• Canoeists paddle by tree lined shores

    Saint Croix

    National Scenic Riverway WI,MN

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  • Water Levels Above Average From Stillwater, Minnesota To The Mississippi River

    Water levels on the St. Croix from near Stillwater, Minnesota down to its confluence with the Mississippi River are above average for this time of year. Water levels elsewhere on the St. Croix and Namekagon are near normal summer conditions.

Birds

Great-Blue-Heron wades in water with vegetation in background.  The heron has long legs, neck and beak with bluish-gray feathers. 

The Great Blue Heron wades the river's edge looking for a meal

(USFWS) US Fish and Wildlife Service

Birds Seen at St. Croix National Scenic Riverway

There are 244 species of birds included in the Riverway's Bird Checklist. Of these, 162 species are known to nest here and 160 are considered neotropical migrants . These numbers represent a high diversity of species which is a direct result of the high diversity of habitats found in the Riverway. The 252 mile Riverway crosses three major types of habitat: coniferous forest, hardwood forest and prairies. These are in turn modified by the transition zones between them, topography (slope and aspect) and how wet or dry the site is. For example, the draft version of the park's new vegetation map (due in late 2012) lists eight major forest types with thirty-two sub-types of forest. In all, the map shows sixty-five types of habitat in 22 major categories of forests, shrub lands, grasslands and wetlands as well as open water and developed areas. No matter how you slice it and dice it, the result is a wide variety of diverse habitats for birds in which to feed, nest and raise their young.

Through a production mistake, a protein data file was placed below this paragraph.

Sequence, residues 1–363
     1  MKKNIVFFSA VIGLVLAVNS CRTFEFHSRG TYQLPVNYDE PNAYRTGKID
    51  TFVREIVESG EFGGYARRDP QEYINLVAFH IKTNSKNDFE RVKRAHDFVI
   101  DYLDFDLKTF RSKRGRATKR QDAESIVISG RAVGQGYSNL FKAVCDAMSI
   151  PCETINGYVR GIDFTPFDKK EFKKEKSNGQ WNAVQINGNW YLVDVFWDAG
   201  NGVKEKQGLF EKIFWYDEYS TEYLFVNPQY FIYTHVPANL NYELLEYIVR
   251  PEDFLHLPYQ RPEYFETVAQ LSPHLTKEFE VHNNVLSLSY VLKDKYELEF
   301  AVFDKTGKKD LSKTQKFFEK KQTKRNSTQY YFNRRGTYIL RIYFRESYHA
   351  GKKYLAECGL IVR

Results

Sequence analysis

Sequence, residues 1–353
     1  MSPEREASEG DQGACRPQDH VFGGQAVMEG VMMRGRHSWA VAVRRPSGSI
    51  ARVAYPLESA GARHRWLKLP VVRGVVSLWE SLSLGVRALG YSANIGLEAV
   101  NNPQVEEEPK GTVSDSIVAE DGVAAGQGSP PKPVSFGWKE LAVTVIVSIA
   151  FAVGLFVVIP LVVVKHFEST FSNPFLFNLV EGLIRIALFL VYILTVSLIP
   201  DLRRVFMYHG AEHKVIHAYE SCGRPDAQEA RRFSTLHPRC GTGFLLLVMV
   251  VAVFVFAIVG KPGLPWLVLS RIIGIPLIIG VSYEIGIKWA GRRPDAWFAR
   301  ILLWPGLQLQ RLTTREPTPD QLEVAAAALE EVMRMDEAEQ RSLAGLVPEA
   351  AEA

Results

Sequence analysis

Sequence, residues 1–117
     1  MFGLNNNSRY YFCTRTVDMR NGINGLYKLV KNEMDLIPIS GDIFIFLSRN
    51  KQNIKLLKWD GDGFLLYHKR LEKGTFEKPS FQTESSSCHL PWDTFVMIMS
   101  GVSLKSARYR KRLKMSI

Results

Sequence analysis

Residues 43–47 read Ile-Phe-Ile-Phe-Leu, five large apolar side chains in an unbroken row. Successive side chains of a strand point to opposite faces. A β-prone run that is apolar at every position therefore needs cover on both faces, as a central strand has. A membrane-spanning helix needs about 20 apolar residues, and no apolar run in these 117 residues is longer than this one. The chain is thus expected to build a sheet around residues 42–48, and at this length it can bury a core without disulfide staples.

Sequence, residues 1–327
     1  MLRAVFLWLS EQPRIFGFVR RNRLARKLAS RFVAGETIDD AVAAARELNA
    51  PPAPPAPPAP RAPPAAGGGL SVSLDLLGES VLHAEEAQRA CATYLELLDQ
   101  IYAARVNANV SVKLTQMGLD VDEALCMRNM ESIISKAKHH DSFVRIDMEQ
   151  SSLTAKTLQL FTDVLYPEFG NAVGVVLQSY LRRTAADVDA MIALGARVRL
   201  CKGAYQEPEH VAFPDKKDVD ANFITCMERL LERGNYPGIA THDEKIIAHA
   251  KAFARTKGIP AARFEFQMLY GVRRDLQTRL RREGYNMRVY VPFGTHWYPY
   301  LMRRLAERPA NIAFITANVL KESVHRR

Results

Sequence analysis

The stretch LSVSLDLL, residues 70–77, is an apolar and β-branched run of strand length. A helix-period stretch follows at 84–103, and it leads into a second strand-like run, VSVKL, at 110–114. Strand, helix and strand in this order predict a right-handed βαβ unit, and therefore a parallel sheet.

Follow these links to learn more about the Riverway's specialty birds and the effect of the River's North/South Orientation on its bird population and migration patterns. We also recommend good locations along the Namekagon River for observing birds (or birding).

Did You Know?

An aerial photo of the river splitting and a tributaru joining from the north

In the Dakota language The St. Croix River is O-Ki-Zu-Wa-Kpa: To meet or to unite, as the waters of a river gather into a lake or two rivers meet or an area where we planted. Dakota and Ojibwe Indians still live near St. Croix NSR.